“Bidding for and hosting events like the Olympics are a way to reset how your country is perceived”

Georgina Lavers
Georgina Lavers

Sir Hugh Robertson, Minister for Sport and the Olympics during London 2012, discusses how a successful mega-event can impact a country’s legacy for decades 

Recently the International Olympics Committee (IOC) released its Olympic Agenda 2020; 40 proposals that included changes to the bidding process by inviting potential candidate cities to present a project that fits their sporting, economic, and long-term needs; reducing costs for bidding; and an overall move from a sport-based to an event-based programme.

The proposals will undoubtedly prove a hot topic of debate during Host Cities, a two-day event in Dubai that will discuss the latest trends and future of events. A strong advocate for the IOC’s recommendations is Sir Hugh Robertson, who asserts that these new philosophies are a welcome reflection of how the definition of a ‘host city’ is beginning to shift.

In his time as Minister for Sport and the Olympics during London 2012, the former MP supervised a hugely successful London 2012 Olympics that saw Michael Phelps crowned the most decorated Olympic athlete of all time; the introduction of women’s boxing; and an opening ceremony that featured a cameo from the Queen herself.

Post-event, hosting the Olympics had significant benefits for the UK in sectors ranging from economy to tourism. These benefits were created, Robertson states, by London’s success in two main areas: delivery, and legacy.

If the Games becomes the preserve of a small number of very wealthy cities, then it has failed its mission

Sir Hugh Robertson

“The backdrop to London 2012 was an era when events were getting larger and larger, where delivery times had got stretched and budgets had overrun,” he says.

“But London 2012 set a new benchmark. The event was delivered ahead of time, all the construction was finished a year out from the start of the opening ceremony, and it was delivered half a million pounds under budget.”

As well as efficient delivery, legacy is another aspect Robertson emphasises as being particularly successful, quoting the International Olympic Committee’s (IOC) comment that London 2012 provided a ‘blueprint’ for future games in terms of legacy.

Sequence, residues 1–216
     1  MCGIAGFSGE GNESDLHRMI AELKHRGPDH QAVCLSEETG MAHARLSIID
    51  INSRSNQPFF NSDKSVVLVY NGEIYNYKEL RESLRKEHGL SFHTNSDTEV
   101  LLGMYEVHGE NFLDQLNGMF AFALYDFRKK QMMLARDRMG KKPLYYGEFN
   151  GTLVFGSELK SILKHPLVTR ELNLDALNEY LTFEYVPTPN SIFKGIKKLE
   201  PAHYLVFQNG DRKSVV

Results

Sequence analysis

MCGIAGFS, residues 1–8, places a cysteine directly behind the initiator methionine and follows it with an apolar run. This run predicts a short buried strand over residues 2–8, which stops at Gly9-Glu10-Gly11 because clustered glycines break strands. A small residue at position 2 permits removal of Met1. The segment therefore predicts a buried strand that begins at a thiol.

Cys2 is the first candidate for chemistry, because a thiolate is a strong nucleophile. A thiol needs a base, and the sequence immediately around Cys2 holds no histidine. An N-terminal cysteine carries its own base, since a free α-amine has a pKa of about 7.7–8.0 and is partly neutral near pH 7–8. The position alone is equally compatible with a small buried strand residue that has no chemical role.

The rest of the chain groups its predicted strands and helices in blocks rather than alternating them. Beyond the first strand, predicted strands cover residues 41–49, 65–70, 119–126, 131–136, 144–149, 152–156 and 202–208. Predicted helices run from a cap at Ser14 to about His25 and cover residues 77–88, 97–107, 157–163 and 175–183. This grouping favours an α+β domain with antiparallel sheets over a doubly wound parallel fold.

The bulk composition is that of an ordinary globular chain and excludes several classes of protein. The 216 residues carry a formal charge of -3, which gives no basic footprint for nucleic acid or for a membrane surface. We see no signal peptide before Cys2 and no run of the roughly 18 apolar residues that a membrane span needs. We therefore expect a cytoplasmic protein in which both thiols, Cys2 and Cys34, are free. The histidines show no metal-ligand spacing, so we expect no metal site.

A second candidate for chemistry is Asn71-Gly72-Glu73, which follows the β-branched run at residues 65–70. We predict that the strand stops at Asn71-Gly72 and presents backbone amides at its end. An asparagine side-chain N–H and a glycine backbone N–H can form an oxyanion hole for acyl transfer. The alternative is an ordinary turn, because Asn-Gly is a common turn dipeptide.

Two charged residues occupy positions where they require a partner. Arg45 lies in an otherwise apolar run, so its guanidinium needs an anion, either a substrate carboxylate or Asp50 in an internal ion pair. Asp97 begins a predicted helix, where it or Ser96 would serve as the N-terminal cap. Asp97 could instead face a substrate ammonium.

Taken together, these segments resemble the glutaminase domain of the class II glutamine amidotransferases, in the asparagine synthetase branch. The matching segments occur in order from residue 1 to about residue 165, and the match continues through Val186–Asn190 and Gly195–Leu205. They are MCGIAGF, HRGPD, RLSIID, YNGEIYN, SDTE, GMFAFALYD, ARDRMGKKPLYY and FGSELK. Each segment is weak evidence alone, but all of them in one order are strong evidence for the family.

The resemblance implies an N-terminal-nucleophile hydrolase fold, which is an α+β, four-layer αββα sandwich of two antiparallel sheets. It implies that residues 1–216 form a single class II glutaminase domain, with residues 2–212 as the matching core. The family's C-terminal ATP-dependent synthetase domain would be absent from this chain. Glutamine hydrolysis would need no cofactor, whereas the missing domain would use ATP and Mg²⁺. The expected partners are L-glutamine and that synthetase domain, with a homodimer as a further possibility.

“We took the view that we were going to define [legacy] very clearly, and build it into everything we did right from the start. So the legacy company wasn’t set up right at the end; it was present in the nascent years of the project.”

The London Legacy Development Corporation (LLDC) ­– made up of master planners, traffic flow analysts, building planners and architects – ensured that the operations companies that built and ran the 17-day event always kept permanence at the forefront of their minds, and where this wasn’t possible, built temporary structures that could be taken down.

“If your builders and operators are thinking, ‘what are we going to use this for afterwards?’ it affects the way they design and run operations during the Games,” he says.

“Although there was some criticism over selling off a stadium to West Ham United, there is nothing in London that has tumbleweed blowing through it, and I don’t think that has ever happened before. Very few modern Olympic Games have made use of all the stadia.”

Figures have proved that the legacy drive has worked, to a large extent. The Copper Box Arena, which hosted sports such as handball during the Games, reopened to put on events like premiership basketball or pop concerts, and has seen over 60,000 visitors since July 2013.

london 2012
Ray Davies of the Kinks sings 'Waterloo Sunset', a love letter to London, at the closing ceremony in the city's 2012 Olympics

The London Aquatics Centre, meanwhile, has received over 1 million visitors since opening in April last year, and teaches around 2,000 schoolchildren how to swim every week.

“We felt very strongly when we were doing London 2012 that part of our role was to scale down the Olympics so they didn’t become these huge, costly and slightly status-driven events.”

Robertson emphasises that the main aim is for the Olympics to go to cities in all parts of the world, some of which might have never hosted an event of that size before.

“If the Games becomes the preserve of a small number of very wealthy cities, then it has failed its mission.”

As for advice for governments thinking about bidding, Robertson comments that there is one element of the Games that is always overlooked – that of perception.

“If you had asked me as the minister in charge of London 2012 what I thought it would do for London, I would’ve run you through the usual list of legacy, business and tourism, regeneration, benefits to communities.”

“But I would have missed the most important benefit: which was that this two and a half week period reset the way the world looked at us. Before 2012, people looked at London and saw a slightly old-fashioned city where the food wasn’t that great, the weather wasn’t good and the people weren’t that friendly. Instead they found a modern and vibrant capital city where things worked perfectly, people were amazingly friendly and open, and where the world’s broadcasters, and sponsors came to do business.”